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Apple Case Not About Setting Precedent: FBI Chief

FBI Director James Comey on Thursday defended his agency's efforts to force Apple to help unlock an iPhone used by one of the San Bernardino attackers, as he warned of risks of unbreakable encryption.

"The San Bernardino litigation is not about us trying to send a message or establish some kind of precedent," Comey told lawmakers at the House Intelligence Committee.

"It's about trying to be competent in investigating something that is an active investigation."

Apple is at the heart of a closely watched legal battle after a US judge ordered the tech giant to provide assistance to the FBI to unlock the encrypted iPhone in question, which belonged to Syed Farook, a US citizen.

Along with his Pakistani wife Tashfeen Malik, Farook gunned down 14 people in the Californian city of San Bernardino in December. Investigators want help unlocking the device but, Apple chief Tim Cook says unlocking the iPhone in the name of fighting terrorism would be "bad for America."

"It is a precedent that should not be done in this country, or in any country," he told ABC News on Wednesday.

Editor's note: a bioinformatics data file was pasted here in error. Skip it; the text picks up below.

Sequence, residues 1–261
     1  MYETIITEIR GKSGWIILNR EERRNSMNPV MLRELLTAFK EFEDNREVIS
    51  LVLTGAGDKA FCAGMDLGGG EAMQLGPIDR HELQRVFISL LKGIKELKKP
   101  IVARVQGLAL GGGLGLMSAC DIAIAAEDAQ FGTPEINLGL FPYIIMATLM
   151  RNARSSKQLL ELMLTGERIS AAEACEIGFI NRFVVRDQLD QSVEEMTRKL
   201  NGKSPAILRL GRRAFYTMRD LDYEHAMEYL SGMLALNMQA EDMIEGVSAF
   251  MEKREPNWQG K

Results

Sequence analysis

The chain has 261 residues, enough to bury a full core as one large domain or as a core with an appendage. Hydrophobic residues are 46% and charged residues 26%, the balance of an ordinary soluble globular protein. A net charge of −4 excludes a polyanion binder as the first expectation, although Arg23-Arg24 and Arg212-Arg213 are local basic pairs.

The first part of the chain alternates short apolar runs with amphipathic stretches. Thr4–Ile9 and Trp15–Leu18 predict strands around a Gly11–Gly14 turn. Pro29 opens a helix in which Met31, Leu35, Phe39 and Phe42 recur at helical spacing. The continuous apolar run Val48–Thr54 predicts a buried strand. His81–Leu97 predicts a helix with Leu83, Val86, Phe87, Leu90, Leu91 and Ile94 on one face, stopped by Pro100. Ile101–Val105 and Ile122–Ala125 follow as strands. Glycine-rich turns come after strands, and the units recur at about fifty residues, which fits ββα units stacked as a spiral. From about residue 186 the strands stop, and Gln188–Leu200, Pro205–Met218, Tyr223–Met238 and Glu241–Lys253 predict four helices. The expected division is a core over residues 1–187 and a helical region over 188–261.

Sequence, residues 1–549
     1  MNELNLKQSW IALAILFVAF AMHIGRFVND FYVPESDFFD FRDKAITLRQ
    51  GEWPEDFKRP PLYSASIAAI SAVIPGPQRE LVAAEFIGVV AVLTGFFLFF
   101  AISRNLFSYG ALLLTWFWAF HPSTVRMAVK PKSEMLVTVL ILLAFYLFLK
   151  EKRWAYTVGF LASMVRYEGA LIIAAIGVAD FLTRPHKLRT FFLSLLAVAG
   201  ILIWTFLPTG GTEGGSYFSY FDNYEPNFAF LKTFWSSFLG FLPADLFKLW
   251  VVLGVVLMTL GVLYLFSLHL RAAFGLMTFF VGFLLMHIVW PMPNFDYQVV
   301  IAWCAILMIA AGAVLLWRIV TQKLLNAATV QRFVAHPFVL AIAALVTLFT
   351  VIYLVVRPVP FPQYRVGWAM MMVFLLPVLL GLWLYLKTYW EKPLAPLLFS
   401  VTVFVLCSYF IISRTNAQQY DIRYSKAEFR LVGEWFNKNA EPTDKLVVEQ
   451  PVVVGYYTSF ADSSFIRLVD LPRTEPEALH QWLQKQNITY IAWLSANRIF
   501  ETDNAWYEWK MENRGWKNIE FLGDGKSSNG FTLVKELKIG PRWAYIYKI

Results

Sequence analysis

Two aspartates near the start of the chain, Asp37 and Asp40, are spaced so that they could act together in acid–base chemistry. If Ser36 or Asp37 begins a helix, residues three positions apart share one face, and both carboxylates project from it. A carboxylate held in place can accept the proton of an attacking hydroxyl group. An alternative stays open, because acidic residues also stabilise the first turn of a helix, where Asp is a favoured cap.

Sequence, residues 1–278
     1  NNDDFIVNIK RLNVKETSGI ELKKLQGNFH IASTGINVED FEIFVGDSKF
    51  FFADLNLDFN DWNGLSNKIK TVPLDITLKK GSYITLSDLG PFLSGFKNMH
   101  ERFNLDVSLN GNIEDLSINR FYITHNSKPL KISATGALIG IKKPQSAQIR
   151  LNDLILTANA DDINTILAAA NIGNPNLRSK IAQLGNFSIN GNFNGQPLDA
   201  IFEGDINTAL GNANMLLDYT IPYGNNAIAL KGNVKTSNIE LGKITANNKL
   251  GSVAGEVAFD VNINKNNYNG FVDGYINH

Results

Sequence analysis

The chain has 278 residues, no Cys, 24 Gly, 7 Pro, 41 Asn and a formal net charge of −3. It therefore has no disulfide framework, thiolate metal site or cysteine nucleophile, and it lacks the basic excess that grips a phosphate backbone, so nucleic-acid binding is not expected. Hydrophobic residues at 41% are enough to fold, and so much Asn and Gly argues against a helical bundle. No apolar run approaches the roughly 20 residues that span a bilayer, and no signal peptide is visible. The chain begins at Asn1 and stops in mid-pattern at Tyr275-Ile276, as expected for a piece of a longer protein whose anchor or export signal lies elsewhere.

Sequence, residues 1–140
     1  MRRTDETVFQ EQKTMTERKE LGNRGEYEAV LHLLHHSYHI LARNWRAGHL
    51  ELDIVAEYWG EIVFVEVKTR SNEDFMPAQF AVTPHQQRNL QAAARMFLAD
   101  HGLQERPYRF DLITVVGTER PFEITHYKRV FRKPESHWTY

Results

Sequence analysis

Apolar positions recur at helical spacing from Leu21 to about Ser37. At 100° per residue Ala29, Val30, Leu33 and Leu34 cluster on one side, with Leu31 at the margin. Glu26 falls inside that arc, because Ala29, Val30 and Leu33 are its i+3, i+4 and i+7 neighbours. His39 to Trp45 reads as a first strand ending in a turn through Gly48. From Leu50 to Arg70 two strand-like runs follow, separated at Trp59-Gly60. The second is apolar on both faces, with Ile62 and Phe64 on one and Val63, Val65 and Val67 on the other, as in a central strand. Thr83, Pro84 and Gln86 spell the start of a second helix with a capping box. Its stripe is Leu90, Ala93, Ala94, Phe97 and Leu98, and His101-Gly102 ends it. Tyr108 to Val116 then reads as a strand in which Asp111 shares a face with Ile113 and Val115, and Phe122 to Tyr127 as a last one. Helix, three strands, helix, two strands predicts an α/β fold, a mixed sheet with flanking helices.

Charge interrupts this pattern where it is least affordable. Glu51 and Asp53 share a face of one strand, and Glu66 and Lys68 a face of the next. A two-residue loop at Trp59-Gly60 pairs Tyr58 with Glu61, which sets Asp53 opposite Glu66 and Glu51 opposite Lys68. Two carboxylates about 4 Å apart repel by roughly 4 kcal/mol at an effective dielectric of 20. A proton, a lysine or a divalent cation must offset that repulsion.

Apple has equated the request to "hacking" its own devices and building a back door which could be used by others.

Comey said the question of whether tech firms should be able to create tamper-proof encryption was the "hardest question" he had ever seen in government.

"It's going to require negotiations and conversation," he said. Comey noted that while encryption is attractive in principle, law enforcement must have some sort of continued access to information to keep the public safe.

"Law enforcement really saves people lives," he said. "We do that a whole lot through court orders that are search warrants."

Comey told lawmakers the public should understand "the costs associated with moving to a world of universal strong encryption."

He commented that with the growth of this kind of encryption, "the world will not end but it will be a different world from where we are today."

Facebook CEO Mark Zuckerberg has said he is "sympathetic" with Apple's quandary and other tech firms have offered guarded support.

CIA Director John Brennan said in an interview broadcast Wednesday that the FBI "clearly has a legitimate basis" to demand the unlocking of the phone in question.

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